But while the technical specification might have sounded a reactionary note in places, it all worked remarkably well, and there can be little doubt that while Fessia might have adopted a more advanced suspension layout had he not be constrained by cost considerations, his engineers were quite adept at using what seemed to be prosaic componentry in quite inspired ways.
Clothing all this was a medium sized formal saloon body, designed in-house under longstanding Lancia designer, Piero Castagnero, designer of the first two Appia series and later the Fulvia. It has been suggested that Pininfarina had a hand in the design, and certainly one can discern an influence in the shaping of the canopy and aspects of the nose treatment.
The Flavia body was by 1960 standards, quite modern in appearance, shorn of the stylistic excesses of the previous decade, with an almost austere formality to its sheer-sided flanks; the only stylistic flourishes being the downward sloping swage line which ran from the tail, fading out over the rear wheelarch, and the assertive front end with its recessed grille and quadruple paired headlamps. Perhaps the most dated aspect of the design was its canopy, particularly the almost vertically raked windscreen.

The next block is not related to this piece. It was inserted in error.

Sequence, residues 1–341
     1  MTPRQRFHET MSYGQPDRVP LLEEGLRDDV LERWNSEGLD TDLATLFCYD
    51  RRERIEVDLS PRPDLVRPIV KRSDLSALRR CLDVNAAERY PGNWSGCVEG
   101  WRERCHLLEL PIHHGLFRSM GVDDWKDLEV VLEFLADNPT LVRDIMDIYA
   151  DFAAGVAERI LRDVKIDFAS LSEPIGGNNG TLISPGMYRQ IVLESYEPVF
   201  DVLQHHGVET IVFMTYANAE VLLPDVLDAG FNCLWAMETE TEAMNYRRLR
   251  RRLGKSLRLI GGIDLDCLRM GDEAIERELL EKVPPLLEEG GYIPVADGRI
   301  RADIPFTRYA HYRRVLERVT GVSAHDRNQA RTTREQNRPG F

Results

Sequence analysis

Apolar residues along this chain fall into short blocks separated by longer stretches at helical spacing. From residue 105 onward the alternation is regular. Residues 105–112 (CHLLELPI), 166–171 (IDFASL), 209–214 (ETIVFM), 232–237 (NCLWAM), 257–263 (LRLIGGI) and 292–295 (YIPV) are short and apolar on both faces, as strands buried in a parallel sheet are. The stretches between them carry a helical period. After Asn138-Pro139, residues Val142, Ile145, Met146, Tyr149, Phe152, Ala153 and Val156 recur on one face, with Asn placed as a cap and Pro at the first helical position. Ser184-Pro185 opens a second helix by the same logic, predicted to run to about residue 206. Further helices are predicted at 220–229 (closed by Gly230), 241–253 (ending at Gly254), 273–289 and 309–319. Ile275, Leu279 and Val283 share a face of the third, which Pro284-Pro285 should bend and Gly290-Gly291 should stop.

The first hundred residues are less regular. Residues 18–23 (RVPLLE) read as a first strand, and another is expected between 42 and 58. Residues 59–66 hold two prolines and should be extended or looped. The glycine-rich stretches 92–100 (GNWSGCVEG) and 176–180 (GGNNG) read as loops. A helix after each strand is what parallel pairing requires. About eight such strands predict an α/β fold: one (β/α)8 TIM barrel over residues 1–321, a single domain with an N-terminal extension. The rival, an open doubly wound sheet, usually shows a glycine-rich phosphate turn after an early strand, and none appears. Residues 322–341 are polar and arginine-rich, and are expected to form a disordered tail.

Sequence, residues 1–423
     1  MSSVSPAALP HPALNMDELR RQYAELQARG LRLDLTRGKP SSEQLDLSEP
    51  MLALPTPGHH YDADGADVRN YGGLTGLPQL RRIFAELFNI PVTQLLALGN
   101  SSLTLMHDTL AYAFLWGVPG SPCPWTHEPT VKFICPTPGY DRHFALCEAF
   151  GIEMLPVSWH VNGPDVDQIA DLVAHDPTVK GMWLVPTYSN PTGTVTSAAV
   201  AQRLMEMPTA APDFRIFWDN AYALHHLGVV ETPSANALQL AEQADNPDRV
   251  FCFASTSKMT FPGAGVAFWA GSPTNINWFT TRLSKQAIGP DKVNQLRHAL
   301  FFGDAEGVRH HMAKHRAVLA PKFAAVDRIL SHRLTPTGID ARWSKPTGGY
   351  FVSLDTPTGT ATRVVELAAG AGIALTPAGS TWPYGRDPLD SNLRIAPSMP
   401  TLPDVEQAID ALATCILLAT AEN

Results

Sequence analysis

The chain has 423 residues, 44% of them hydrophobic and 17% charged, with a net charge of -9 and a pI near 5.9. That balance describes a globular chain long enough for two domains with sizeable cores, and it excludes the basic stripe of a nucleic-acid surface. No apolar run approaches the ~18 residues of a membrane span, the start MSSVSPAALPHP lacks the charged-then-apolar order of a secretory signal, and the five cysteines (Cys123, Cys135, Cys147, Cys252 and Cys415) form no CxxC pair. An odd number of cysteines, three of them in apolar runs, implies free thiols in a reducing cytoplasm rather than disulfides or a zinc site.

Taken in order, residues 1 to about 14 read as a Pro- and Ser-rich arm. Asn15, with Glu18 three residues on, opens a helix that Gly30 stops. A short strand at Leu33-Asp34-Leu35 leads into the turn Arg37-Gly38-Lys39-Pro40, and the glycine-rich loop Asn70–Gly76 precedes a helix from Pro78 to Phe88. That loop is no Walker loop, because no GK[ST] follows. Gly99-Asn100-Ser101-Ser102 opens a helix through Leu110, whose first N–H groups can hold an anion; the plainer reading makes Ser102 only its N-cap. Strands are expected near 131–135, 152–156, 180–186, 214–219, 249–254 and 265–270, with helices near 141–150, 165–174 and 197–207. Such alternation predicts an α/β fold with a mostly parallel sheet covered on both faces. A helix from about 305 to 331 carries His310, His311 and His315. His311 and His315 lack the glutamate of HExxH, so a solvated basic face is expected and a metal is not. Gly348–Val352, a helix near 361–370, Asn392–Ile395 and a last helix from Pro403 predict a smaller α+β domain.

The Flavia’s unconventional line was underlined by its uncompromising proportions, dictated to a large extent by the technical package. Dominated by a broad wheelbase, the combination of upright centre section, elongated front overhang, and odd nose-down stance, lent it a slightly awkward mien. Certainly at its November 1960 Turin Autosalon debut, it is said that some found its visual dissonance off-putting.
Inside however, while the cabin was not only commodious (owing to the long wheelbase and unobstructed floor), the style of fittings were of a distinctly modernist appearance. Most striking was the curved floating console mounted to the lower left of the instrument binnacle containing minor switchgear (a proto-Lanule perhaps?) Overall, it was an orderly if stark affair, but in Lancia fashion, well finished and wrought from fine materials.
Appearances aside, the Flavia drove beautifully, with excellently judged steering, sound handling, a superbly modulated ride and a high level of mechanical refinement being stand-out qualities, alongside excellent build and finish. It was also sufficiently compact and narrow to navigate Italy’s byzantine medieval streets. Very much an engineer’s car, its appeal revealed itself over lengthy acquaintance rather than instant gratification. So much for rationality – Lancia’s discrete image also ensured the Flavia enjoyed a very well-heeled clientele.
In 1962 a handsome and popular Pininfarina designed and built 2+2 coupé was introduced, as was a four-seater convertible, designed by Giovanni Michelotti and built by Vignale, which was made in small numbers until 1967. Also first shown that year was the more outré Zagato Sport model. The following year a larger capacity 1.8 litre (92 bhp) version was offered and in 1965, Kugelfischer mechanical fuel injection became an option for the 1.8, boosting power further by 10bhp.